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Life as an Exchange Student Non-Drinker in Brazil


Rules versus Reality

The Rotary Youth Exchange program when I went had something they called the three Ds. Three things we were not to do under any circumstance.

  1. No Drinking
  2. No Driving
  3. No Dating

These might seem like fine sensible rules in a theoretical student exchange program, but everyone knew that exchange students dated and drank. I never heard of one driving, but I’m sure that has happened too. Exchange students aren’t likely to drive because a) they don’t have an international drivers license and b) the culture of most countries does not involve teenage drivers.

Most cultures where exchange students go do have a strong acceptance of teen drinking however, and Brazil easily hold its own when it comes to teen drinking. Drinking in Brazil starts at around age 15 when the boys are old enough to be at clubs till late and the girls are having their big 15th birthday parties. They drink before that age, of course, but my impression is that that’s about the age when it becomes more than a once-in-a-while event.

As an exchange student in the 16-18 year old range, you will be dropped right into the middle of a drinking culture. Alcohol will be readily available to you when you’re out with friends, probably in your host family home and possibly even at Rotary meetings. Bars are a standard place for families and friends to sit and chat at, often with tables extended far out on the sidewalk and the beer is occasionally cheaper than the bottled water.

A Beer Free Exchange Is Possible (even in Brazil)

As a member of The Church of Jesus Christ of Latter-Day Saints, I don’t drink. I am not pushy about others not drinking, but I do not let others push me into drinking either. I found that just stating that I did not drink was sufficient for most people. In the few cases where that wasn’t enough for people, I would tell them that my religion forbade it. The two or three times that that wasn’t enough of a reason, I fell back to the Rotary rules and said I couldn’t since I was an exchange student. Of course the last reason will only work if the person hasn’t known many Rotary exchange students.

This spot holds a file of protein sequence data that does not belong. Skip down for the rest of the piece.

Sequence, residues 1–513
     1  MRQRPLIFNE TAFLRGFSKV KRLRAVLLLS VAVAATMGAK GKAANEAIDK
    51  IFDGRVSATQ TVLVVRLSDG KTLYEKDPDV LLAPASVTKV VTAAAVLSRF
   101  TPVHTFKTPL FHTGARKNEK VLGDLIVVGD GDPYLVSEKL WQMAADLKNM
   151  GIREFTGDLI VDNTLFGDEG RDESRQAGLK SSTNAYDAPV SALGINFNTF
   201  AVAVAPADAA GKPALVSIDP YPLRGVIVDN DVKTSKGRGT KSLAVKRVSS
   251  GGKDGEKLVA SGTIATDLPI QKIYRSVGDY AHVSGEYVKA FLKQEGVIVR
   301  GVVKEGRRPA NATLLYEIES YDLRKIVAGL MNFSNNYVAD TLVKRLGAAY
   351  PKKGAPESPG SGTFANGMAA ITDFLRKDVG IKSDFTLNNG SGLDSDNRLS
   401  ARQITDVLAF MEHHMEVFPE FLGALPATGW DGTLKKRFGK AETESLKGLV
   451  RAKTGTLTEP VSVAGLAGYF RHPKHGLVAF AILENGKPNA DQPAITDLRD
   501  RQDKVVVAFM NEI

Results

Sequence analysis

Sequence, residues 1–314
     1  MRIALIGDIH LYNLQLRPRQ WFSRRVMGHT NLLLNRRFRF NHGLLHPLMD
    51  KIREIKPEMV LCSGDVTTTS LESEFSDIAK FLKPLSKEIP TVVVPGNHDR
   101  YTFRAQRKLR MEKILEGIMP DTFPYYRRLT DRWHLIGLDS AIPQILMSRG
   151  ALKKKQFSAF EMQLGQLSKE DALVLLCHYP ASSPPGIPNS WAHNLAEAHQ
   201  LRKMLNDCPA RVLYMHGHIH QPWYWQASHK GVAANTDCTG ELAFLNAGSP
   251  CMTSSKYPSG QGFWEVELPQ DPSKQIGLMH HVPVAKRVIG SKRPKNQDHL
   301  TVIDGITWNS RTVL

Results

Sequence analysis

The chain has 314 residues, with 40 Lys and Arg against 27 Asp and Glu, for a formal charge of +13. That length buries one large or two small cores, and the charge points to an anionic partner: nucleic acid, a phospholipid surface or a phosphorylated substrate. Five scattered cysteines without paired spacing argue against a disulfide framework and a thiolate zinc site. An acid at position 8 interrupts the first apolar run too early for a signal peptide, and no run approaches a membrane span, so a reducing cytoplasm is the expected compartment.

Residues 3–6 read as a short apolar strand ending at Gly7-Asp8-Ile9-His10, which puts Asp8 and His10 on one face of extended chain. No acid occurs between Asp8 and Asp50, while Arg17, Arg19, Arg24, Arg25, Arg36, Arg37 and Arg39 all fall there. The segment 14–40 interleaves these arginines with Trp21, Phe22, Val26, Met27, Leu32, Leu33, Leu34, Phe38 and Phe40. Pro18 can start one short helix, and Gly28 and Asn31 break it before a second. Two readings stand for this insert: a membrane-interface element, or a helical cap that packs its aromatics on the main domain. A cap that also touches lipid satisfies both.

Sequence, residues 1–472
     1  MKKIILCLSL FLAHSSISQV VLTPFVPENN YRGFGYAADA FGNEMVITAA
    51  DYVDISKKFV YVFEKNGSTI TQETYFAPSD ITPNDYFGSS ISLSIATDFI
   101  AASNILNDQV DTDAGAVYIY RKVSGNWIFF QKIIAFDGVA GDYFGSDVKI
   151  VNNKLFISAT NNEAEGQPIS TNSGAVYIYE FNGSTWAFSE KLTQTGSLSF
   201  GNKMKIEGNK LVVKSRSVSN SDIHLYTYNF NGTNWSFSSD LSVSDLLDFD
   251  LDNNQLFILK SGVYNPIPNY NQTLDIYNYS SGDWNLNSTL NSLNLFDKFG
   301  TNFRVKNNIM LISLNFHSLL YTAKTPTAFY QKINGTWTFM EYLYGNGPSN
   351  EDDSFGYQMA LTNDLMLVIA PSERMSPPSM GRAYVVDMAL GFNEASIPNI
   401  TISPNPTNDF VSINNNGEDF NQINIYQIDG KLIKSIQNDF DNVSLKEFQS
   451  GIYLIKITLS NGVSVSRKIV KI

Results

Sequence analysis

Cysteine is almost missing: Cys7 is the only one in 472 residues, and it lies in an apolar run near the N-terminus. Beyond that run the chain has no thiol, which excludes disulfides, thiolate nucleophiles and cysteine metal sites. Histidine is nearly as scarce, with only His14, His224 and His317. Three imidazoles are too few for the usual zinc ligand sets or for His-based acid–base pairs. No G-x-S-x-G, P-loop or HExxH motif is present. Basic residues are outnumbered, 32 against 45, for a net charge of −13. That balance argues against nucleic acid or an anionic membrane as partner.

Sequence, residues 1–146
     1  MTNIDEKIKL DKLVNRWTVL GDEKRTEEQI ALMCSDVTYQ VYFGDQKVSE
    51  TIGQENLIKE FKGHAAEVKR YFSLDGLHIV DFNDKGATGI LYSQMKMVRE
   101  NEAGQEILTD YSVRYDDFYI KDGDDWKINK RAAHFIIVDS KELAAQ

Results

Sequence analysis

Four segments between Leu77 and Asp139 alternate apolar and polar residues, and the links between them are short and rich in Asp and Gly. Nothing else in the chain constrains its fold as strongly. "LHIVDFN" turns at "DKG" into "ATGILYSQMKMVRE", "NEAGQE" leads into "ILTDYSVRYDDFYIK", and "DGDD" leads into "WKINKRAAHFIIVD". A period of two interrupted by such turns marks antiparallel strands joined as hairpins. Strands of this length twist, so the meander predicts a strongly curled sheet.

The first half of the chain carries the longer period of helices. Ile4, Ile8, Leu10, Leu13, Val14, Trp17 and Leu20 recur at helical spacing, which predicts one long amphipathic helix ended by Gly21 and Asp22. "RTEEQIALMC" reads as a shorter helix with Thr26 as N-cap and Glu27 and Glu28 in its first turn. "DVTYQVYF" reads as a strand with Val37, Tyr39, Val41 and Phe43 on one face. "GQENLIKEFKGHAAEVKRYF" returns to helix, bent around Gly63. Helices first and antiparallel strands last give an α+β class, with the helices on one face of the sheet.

If you are going to not drink in Brazil, it will be best for you to decide before you go, and to stick with it. Once your friends  and associates know you drink, it will be difficult to switch to not drinking.

Even though I didn’t drink, I still went to parties, the boate (discotheque/club), bars, etc. and always had a Guaranà and a good time.

The Boate

Boate is pronounced bow-atch (like the atch part of watch).

For some reason that I can’t remember now, I thought that it was fun to go to the boate/discotheque until all hours of the night. A lot of my classmates went to the boate. Probably 1/4th of them were there weekly, with up to 1/2 of them making monthly appearances.

I remember a couple of times my host brother and I would come home as the sun was coming up, and stop by the bakeries that were just opening. Pretty much everyone at the boate would drink. The boate even held some events with all-you-can-drink beer.

On all-you-can-drink nights, they would give you a plastic cup as you came in, and just keep giving you free refills. Of course a club gets hot inside, which leads to warm beer. No one wants to drink warm beer, and with free refills there’s no loss just dumping it out…on the floor. My rule on all-you-can-drink nights was that I would leave as soon as there were puddles on the dance floor.

Some nights they would also have specials on batidas (fruit juice / cachaça (sugar cane based alcohol) smoothies). One night at the boate a classmate decided that I should drink. He brought me a cup and said “here, I got you a juice.”. It smelled like juice, so I went to drink it, but as soon as it hit my mouth I spit it back out. I gave him the cup and a got mad at him, which surprised him. After that though we became good friends. He knew I wasn’t going to drink and that was that.